October 28, 2005,
Rosa Parks and Wellington Mara both died this week, within 24 hours of each other. They were born just three years apart but lived very different lives. She grew up a seamstress who could not drink from the same water fountains as white folks; he was the son of the owner of the New York Giants football team, and attended high school on Park Avenue in Manhattan. In the 1950s, she fought for the basic civil rights of black Americans; at around the same time, he owned the rights to the athletic careers of numerous black Americans.
Rosa Parks died a legend in the fight for civil rights, and rightly so. Her willingness to serve as the personification of the fight against Jim Crow laws in Montgomery, Ala., may seem obvious in retrospect: Who wouldn't want to change history for the better? But keep in mind that this was not some academic, "good government" kind of exercise. Rosa Parks put her life at genuine risk to win the enforcement of some basic human rights.
It is less well known that Wellington Mara, too, fought to protect human rights. In the Declaration of Independence, Thomas Jefferson wrote that we are all endowed by our creator with inalienable rights to life, liberty, and the pursuit of happiness and Mara made a point of defending that fundamental right to life. It is interesting that the lengthy obituaries this week discuss many dimensions of Mara as Catholic, old-school, and a gentleman but few so much as mention his dedication to the cause of protecting the lives of the unborn.
And this is a cause quite related to that of civil rights for black Americans. In the United States, African Americans represent 12 percent of the population but account for 32 percent of the abortions. According to the website BlackGenocide.org, abortion has taken more African-American lives since 1973 than AIDS, violence, heart disease, and cancer combined. If it weren't for abortion, the black population in the U.S. would be one-third larger than it is today. (The website's name, incidentally, comes from a speech given in 1977 by Reverend Jesse Jackson.)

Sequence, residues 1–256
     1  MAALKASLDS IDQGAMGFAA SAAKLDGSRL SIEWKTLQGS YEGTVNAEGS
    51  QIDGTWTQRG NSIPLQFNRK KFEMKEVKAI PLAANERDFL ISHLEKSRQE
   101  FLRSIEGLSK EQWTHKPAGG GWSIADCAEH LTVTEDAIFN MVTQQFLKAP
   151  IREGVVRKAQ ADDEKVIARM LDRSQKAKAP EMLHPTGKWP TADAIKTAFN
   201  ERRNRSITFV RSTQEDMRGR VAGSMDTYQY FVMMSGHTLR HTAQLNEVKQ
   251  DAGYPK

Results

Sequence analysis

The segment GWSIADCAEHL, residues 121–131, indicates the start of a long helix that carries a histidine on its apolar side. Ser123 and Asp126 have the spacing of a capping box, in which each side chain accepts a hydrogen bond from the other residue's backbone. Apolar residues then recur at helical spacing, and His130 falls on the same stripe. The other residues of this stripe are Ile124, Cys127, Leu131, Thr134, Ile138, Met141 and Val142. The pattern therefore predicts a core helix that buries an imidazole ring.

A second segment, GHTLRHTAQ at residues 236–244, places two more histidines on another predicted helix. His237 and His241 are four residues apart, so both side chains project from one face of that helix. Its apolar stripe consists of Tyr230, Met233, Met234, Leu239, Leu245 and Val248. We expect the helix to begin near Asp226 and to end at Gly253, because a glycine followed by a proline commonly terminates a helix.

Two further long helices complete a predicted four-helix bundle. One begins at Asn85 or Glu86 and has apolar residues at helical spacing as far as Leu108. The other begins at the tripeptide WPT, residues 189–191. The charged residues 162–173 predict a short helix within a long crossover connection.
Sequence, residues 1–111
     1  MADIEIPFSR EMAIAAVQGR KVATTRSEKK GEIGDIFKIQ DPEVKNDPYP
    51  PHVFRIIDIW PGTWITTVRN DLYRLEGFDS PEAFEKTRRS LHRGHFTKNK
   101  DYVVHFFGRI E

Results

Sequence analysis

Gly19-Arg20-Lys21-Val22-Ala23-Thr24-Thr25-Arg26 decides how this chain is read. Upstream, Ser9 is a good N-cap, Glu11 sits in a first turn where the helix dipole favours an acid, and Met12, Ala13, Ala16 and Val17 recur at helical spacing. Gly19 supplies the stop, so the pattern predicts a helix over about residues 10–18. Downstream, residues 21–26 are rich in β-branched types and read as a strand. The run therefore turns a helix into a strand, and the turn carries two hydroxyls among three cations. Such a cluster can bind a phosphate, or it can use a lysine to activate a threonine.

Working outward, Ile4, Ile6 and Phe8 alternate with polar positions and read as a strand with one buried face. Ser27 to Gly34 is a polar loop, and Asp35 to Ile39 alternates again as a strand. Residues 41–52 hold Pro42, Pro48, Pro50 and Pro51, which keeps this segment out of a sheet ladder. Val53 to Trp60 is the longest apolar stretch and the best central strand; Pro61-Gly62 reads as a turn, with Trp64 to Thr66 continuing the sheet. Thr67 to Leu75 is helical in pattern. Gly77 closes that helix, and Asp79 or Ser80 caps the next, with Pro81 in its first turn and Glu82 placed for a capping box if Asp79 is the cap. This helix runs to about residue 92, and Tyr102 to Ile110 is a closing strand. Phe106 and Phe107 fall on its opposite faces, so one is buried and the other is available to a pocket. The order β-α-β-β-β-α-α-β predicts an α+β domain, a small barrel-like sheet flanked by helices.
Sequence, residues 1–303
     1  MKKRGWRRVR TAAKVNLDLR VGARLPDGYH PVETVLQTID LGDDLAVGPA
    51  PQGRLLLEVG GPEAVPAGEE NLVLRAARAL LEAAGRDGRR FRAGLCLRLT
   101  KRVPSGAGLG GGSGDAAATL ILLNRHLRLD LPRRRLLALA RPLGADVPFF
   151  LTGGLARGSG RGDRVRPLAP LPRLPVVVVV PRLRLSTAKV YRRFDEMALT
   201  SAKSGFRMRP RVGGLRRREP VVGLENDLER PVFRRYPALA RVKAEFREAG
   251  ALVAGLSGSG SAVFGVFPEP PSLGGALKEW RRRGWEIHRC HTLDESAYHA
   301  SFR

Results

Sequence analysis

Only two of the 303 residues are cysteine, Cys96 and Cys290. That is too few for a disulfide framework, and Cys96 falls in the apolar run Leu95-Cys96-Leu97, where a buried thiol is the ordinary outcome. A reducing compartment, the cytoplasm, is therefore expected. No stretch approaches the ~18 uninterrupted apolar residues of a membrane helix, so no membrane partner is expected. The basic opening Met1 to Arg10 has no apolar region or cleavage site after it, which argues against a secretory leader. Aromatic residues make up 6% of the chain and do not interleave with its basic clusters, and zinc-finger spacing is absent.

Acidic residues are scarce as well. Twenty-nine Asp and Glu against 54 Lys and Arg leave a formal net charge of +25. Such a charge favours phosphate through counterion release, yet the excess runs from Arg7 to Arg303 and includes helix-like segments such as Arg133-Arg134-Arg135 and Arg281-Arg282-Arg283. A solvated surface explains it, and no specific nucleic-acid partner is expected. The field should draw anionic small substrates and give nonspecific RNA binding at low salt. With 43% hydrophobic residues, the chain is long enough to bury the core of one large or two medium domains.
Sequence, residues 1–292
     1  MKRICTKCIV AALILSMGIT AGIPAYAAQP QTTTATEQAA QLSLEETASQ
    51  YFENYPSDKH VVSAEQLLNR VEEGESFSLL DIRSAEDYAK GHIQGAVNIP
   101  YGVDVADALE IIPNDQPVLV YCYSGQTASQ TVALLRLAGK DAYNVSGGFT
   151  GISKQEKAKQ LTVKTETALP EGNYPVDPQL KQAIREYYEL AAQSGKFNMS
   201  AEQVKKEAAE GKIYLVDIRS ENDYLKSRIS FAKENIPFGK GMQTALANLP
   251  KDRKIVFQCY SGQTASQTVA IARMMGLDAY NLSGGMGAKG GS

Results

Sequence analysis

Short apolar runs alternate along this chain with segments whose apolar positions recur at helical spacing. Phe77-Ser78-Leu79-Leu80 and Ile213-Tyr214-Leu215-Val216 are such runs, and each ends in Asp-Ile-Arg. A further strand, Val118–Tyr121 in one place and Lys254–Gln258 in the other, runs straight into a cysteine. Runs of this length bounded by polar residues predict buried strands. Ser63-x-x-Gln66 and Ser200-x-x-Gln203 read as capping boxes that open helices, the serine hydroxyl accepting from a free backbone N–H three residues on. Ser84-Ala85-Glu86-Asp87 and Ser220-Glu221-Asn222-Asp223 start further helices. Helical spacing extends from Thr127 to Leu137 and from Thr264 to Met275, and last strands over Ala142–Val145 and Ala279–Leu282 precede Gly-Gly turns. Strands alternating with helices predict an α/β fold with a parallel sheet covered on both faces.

In an effort to protect these lives, Wellington Mara helped create Life Athletes, a group of professional athletes in support of pro-life principles. When he was honored for this effort in 1999, Mara said: "God has blessed me with a long life. . . . During that lifetime I have formed a clear perception of the absolute sanctity of life and the unshakable conviction that, of all God's gifts, it is the most precious and is becoming the most tenuous."
Mara was passionate and incisive. Commenting on New York Governor Mario Cuomo's support of legal abortion, he made the following pithy statement: "The Church has never changed its teaching on the sanctity of human life it didn't make up a rule for the convenience of a particular time like a rule at a country club as the Governor would have us believe." Mara believed that the problem of abortion "cannot be met by act of Congress alone" and he worked to change the culture. He didn't just complain he did something. He created Life Athletes to, in his words, "give the youth of America the ultimate means with which to confront and vanquish the Culture of Death which threatens them."
A few weeks ago radio personality Bill Bennett was taken to task for a remark relating to the diminished crime rate that would result from aborting black babies. The consternation over Bennett's comments points to a reality that too many Americans forget: The abortion statistics all relate to real human lives. Why would people be upset about Bennett's comments, unless they believed that real lives were at stake?
That's the insight both Wellington Mara and Rosa Parks fought for, in trying to extend the protection of the law to those whose rights were not being protected. If we vigorously pursue their combined legacies, think how many millions more black children in America will be free to ride the bus in front.
Charles Millard writes from New York.